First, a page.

Then, in July, 2014 we learned that Seafood Watch (the Monterey Bay Aquarium’s seafood pocket guides) moved Dungeness crab from “Best Choices” to “Good Alternative” on its West Coast Consumer Guide. This move was not based on any evidence that the fishery is not sustainable, but rather on “the lack of science” in its management. Somehow I don’t get it.
This is the type of mentality we must deal with to keep ourselves in business. It is a result of growing pressure from people who want only to view the ocean as a painting or from the picture window of their villa in some coastal enclave; the attitude of those who think the ocean is their exclusive playground for snorkeling, sea kayaking and jet skiing. It is certainly not the mentality of those of us who work on the ocean. We understand well that it is a dynamic, dangerous, and complex living environment that provides us with some of the most healthy food available to mankind.
We find ourselves at a time in the evolution of our industry where we must “up our game” if we intend to stay in business. In the past, most of us left the political work to someone else because in our eyes it was more important to go fishing. That must change if we want to maintain our markets and see our industry survive.
By this, I mean our industry has to concern itself about more than immediate profitability. It has to fight for the health of the fish themselves if we are to have a future as fishermen. Neither government, nor green NGOs can be entrusted to do this.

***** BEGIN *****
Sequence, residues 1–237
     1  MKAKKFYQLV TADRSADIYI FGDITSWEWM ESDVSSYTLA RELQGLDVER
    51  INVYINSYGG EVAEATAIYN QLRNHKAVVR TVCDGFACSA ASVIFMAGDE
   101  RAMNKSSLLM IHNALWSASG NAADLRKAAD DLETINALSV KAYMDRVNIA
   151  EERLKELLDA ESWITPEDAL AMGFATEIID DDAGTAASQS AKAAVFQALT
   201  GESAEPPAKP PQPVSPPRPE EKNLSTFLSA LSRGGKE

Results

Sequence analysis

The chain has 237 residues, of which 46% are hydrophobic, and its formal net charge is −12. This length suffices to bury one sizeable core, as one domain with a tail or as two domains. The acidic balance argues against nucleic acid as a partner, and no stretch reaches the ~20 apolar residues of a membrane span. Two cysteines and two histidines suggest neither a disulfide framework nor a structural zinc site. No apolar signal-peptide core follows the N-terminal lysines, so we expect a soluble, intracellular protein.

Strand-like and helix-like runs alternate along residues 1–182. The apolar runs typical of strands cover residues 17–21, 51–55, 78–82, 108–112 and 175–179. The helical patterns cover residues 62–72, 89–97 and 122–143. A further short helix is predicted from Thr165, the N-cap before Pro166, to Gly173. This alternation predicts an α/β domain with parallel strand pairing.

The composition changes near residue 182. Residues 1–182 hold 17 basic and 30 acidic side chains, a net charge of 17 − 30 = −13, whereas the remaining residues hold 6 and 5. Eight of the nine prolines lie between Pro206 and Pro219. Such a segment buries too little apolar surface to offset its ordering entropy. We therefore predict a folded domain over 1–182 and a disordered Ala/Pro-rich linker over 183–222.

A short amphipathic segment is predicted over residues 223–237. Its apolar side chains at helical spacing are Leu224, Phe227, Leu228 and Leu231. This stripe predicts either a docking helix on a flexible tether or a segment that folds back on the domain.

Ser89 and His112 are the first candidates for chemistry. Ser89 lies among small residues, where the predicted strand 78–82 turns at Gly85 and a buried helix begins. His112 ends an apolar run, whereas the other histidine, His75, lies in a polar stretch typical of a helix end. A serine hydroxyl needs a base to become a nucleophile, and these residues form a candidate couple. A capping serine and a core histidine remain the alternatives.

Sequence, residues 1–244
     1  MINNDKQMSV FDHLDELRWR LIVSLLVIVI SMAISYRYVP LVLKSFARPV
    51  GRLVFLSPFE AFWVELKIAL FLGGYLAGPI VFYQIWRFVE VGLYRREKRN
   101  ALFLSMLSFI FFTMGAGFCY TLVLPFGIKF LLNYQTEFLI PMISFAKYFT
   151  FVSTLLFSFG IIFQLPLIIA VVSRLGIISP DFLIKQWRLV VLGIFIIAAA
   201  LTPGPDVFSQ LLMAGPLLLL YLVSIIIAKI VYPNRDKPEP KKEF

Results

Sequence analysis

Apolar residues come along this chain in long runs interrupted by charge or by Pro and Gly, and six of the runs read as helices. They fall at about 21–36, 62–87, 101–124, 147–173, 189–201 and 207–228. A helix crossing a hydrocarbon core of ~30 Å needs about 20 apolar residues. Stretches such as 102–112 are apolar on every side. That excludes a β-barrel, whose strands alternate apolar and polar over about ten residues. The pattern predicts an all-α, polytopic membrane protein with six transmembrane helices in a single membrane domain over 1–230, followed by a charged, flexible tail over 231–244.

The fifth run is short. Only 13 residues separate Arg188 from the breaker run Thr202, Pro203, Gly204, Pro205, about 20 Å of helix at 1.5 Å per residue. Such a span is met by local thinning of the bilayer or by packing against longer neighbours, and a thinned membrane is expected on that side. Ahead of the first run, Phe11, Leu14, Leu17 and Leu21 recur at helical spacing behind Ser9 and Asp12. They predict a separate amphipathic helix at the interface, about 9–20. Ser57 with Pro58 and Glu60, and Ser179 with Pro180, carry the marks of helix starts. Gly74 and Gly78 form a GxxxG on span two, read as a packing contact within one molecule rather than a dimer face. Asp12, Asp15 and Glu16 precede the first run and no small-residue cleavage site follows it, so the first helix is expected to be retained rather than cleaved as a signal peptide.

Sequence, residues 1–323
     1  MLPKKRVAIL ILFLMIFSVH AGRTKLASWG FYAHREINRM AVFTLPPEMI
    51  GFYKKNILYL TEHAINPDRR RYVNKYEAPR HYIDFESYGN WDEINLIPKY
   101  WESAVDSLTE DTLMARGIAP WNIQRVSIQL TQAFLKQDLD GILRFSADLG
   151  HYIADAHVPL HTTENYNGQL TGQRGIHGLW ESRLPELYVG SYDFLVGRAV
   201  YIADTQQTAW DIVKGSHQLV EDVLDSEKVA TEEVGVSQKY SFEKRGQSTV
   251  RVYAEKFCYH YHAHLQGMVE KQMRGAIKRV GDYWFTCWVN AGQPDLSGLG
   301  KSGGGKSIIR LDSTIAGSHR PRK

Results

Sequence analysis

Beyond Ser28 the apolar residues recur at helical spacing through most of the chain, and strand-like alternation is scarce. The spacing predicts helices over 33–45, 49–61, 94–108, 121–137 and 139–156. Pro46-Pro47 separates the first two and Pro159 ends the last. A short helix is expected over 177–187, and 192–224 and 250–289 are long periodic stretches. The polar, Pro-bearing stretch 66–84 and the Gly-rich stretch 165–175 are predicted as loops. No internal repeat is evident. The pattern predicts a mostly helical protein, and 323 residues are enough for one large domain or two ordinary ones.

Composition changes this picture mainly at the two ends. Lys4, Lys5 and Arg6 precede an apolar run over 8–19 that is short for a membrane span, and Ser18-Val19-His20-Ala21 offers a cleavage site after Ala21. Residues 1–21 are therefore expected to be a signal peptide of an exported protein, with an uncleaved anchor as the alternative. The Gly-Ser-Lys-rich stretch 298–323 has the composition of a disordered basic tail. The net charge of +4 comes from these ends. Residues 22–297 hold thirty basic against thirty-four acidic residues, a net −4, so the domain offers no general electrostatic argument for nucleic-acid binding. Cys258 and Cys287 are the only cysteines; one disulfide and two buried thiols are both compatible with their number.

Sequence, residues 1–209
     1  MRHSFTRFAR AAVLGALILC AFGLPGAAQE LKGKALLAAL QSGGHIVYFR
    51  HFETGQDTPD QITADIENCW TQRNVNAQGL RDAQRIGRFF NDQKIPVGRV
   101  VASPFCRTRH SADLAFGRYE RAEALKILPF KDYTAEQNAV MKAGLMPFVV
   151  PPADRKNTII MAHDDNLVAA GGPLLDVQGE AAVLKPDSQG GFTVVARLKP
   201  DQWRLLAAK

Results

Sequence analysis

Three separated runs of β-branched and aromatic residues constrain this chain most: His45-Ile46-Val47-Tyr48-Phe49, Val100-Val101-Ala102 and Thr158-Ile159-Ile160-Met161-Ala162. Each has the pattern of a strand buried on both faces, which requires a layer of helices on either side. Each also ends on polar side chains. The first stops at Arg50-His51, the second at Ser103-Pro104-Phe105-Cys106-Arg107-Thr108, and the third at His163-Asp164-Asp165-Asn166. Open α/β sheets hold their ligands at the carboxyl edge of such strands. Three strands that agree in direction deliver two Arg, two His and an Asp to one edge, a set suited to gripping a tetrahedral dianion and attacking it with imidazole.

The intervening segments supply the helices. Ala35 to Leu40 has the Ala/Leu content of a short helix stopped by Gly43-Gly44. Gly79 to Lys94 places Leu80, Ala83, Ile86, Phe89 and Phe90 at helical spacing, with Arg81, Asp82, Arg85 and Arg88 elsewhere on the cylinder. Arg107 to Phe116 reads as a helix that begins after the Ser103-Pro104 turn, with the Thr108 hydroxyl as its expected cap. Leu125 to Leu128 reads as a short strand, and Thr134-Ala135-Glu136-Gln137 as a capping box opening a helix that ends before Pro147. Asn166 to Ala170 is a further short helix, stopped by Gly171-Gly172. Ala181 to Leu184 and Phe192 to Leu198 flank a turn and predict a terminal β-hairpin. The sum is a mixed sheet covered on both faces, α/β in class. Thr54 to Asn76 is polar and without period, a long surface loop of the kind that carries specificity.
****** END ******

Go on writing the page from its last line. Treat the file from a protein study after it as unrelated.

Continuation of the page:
Second, there must be a pathway for crewmembers to become captains, for new people to enter the fisheries and take ownership of them. Without addressing these two fundamental issues, there will be no future for our aging fleet; it will become more and more difficult to advance younger crew members, if at all; and our markets will go to other outside sources.
Thus, I believe we are entering a new era of involvement. If each fisherman is not spending at least 20 percent of his/her time and 10 percent of his/her income on fishing related solutions the future will surely be dim. I fear now that future generations of fishing men and women will be lost if all we worry about is catching fish, our allocations or our quotas.